Wednesday, 7 August 2013

WOW: Pattern Making

WOW = WIPs On Wednesdays
I know we're all keen for me to receive my fabrics and finally start posting some tutorials here, but I'm still waiting. It turns out a lot of the fabrics I selected are on backorder so there's been a lot of waiting around. Last week I spent a few hours sewing a collar into my shirt. This week I'm pattern making. A quilt? No, a shirt!
I very rarely make my own clothes (in fact, never). But is it just me, or is it nearly impossible to find shirts in interesting fabrics? I simply can't get my hands on any. And you already know I have a fabric it just makes sense to stop complaining about it and get to making some easy shirts I'll love wearing. This is an easy shirt I love wearing, so I'm using it as my pattern. You can see I have a long vest on as it's rather cold down my way. You see, if I wait until summer, it will be too hot to do any sewing so the time is definitely now.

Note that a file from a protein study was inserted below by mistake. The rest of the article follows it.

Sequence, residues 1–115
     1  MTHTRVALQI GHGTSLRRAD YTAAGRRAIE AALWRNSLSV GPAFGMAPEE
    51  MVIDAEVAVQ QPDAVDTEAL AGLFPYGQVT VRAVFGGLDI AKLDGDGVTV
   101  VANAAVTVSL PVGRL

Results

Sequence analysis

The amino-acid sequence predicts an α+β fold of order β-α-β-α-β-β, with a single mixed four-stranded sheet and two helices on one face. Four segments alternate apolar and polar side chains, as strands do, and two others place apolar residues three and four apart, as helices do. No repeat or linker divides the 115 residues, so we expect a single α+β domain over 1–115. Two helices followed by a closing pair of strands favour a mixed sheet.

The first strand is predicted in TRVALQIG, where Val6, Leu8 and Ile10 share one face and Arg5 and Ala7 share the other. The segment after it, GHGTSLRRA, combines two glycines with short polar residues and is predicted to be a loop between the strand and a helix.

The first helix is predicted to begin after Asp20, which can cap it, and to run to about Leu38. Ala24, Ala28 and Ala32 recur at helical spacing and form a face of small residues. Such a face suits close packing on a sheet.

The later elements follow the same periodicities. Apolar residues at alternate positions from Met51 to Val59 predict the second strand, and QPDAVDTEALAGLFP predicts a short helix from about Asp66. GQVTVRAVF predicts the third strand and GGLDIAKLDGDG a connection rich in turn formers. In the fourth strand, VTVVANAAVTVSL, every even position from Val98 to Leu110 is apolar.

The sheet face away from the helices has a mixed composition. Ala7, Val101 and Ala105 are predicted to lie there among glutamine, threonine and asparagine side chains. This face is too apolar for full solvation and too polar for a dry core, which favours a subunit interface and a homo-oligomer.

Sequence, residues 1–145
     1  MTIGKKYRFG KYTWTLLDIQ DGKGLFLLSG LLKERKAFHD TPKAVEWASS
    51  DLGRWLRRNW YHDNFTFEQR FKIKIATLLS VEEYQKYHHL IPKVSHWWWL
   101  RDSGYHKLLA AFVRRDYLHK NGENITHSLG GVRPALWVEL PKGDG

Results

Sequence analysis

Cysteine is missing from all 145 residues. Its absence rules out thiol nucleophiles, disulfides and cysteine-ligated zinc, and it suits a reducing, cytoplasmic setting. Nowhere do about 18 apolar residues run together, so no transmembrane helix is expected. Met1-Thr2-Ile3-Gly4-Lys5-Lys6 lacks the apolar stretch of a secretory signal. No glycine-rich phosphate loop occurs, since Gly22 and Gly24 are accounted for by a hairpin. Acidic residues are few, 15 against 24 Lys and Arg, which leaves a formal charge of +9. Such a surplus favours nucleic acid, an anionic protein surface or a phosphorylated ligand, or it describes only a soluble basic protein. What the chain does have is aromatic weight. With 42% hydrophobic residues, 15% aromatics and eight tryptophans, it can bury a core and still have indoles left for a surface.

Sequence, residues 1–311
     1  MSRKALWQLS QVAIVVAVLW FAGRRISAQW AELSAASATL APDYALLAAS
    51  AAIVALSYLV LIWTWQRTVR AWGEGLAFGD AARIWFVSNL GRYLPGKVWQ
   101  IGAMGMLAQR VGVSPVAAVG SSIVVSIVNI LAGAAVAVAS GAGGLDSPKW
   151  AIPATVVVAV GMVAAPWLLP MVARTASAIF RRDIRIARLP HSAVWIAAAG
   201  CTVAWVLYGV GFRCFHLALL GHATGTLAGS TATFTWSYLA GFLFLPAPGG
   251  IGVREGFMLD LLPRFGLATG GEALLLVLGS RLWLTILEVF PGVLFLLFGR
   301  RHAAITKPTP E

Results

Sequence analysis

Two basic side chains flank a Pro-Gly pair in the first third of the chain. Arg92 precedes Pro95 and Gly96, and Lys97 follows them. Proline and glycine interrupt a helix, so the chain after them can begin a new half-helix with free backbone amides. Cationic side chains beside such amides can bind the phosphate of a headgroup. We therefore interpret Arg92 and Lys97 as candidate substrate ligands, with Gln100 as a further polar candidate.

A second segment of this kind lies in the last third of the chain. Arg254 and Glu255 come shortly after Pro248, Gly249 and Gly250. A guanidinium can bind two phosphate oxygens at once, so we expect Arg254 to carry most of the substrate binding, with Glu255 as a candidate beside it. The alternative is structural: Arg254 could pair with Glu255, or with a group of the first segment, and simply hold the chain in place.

It's still morning, but I'm already underway. It's going to be a productive day!

What about you?
Have you made any garments lately?
Or do you only sew quilts?
What's Your WOW ?

Sunday, 4 August 2013

Love Entwined: Where Are You? (2)

It's been nearly 3 months since I launched Love Entwined 1790 Marriage Coverlet; my pattern of the 1790's Marriage Coverlet quilt featured in Averil Colby's book Patchwork. It was listed in this book because it is a remarkable quilt; remarkable as both a work of applique and also as a historic legacy of British women's textile work.